Survey: Employee Success is Becoming Increasingly Dependent on Automation Skills — from uipath.com by Toni Iafrate; with thanks to Ryan Craig for this resource

Excerpt:

Since the start of the pandemic in particular, digital adoption has accelerated to solve for evolving market conditions, new customer needs and changed employee circumstances. In fact, a new McKinsey study found that 85% of C-suite executives reported a significant acceleration of digitization and automation during the pandemic in an effort to stay agile and maintain continuity amid business disruptions.

 

 

The Digital Divide for Tribal College Students — COVID, CARES Act, and Critical Next Steps — from diverseeducation.com

Excerpt:

In this episode staff writer Sara Weissman shares a story that focuses on the digital divide for Native Americans by bringing in voices of tribal college leaders and their students during the COVID 19 pandemic.

Many don’t know but Native American colleges and universities have long struggled with the worst internet connectivity in the nation while ironically paying the highest rates for service. Hear first-hand how students from Diné College and other institutions are currently affected. Carrie Billie (Big Water Clan), President & CEO of the American Indian Higher Education Consortium (AIHEC) and Dr. Cynthia Lindquist (Star Horse Woman), President of Cankdeska Cikana Community College in North Dakota, break down the data and lay out critical next steps necessary to address the digital divide.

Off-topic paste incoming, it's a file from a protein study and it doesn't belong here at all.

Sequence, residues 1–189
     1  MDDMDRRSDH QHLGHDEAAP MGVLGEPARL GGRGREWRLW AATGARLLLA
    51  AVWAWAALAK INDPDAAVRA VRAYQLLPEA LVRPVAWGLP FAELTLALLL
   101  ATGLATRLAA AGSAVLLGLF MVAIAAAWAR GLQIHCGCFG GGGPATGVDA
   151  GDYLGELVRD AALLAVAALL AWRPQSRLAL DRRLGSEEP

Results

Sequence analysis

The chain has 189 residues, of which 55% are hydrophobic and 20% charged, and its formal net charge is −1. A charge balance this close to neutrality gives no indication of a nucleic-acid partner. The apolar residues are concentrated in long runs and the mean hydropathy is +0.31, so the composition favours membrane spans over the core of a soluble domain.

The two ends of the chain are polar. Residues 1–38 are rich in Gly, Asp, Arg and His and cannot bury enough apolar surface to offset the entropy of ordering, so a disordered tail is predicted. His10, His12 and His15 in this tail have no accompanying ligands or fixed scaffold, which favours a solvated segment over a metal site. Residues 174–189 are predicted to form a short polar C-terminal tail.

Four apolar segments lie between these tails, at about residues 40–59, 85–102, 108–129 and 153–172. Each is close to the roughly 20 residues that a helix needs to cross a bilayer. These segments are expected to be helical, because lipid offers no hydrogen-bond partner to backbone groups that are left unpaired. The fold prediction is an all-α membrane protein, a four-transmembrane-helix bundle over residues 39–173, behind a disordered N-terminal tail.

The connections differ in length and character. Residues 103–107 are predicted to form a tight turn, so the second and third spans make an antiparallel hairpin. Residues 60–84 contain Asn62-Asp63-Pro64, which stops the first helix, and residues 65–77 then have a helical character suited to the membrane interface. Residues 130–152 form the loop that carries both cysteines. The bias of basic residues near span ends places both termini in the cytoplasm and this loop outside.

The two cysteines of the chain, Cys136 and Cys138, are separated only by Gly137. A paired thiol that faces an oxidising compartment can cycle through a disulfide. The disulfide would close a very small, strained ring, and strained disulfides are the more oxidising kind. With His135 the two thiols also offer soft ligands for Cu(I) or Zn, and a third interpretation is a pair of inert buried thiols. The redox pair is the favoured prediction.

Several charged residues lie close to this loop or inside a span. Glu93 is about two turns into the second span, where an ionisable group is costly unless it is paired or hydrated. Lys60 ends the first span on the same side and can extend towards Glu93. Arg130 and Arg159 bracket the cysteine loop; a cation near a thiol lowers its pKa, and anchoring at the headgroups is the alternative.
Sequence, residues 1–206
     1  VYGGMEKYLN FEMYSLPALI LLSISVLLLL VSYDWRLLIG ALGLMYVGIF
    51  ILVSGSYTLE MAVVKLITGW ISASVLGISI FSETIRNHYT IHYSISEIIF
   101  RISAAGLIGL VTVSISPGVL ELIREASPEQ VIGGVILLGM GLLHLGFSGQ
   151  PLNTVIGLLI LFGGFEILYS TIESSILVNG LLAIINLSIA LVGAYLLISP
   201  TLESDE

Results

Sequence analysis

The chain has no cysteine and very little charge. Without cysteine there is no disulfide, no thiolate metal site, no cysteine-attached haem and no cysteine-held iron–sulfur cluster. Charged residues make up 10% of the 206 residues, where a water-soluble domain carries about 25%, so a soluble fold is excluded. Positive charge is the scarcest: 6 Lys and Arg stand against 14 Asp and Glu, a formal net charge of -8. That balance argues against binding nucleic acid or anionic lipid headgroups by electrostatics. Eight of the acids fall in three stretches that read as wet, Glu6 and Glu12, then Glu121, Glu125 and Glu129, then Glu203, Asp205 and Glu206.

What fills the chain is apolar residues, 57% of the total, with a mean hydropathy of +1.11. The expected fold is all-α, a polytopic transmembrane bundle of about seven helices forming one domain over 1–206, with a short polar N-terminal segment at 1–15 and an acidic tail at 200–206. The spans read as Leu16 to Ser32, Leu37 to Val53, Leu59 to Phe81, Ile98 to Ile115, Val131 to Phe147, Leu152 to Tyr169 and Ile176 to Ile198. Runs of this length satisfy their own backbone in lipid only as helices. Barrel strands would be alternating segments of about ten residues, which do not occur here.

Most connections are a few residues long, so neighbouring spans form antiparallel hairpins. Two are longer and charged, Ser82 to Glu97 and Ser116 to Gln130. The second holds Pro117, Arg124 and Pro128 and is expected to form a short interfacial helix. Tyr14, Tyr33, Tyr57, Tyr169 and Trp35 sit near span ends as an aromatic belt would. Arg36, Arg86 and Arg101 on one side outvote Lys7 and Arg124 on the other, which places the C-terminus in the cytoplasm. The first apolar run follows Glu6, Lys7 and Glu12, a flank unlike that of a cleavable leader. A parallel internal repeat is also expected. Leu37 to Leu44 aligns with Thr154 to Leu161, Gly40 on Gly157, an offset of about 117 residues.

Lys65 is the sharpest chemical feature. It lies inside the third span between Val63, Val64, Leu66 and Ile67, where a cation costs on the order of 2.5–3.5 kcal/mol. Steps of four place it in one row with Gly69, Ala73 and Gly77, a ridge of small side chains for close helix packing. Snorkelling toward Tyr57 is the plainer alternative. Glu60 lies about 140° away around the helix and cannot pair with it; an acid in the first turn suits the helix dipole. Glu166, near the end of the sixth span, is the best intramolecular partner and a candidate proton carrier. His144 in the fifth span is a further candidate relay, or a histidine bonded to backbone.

Many don’t know but Native American colleges and universities have long struggled with the worst internet connectivity in the nation while ironically paying the highest rates for service.

From DSC:
When will there be justice!? Let’s join in and make amends and provide the funding, concrete assistance, products, and services to Native American colleges, universities, and communities. Some potential ideas:

  • For the short term, could there be Loon balloons deployed immediately to provide free and stronger access to the Internet?

Could Project Loon assist Native American colleges, universities, and communities?

  • Could our Federal Government make amends and do the right thing here? (e-rate program, put Internet access in, make policy changes, offer more grants, other?)
  • Could Silicon Valley assist with hardware and software? For example:
    • Can Apple, HP, Microsoft, and others donate hardware and software?
    • Can Zoom, Adobe, Cisco Webex, Microsoft Teams, and others donate whatever these communities need to provide videoconferencing licenses?
  • Could telecom providers provide free internet access?
  • Could MOOCs offer more free courses?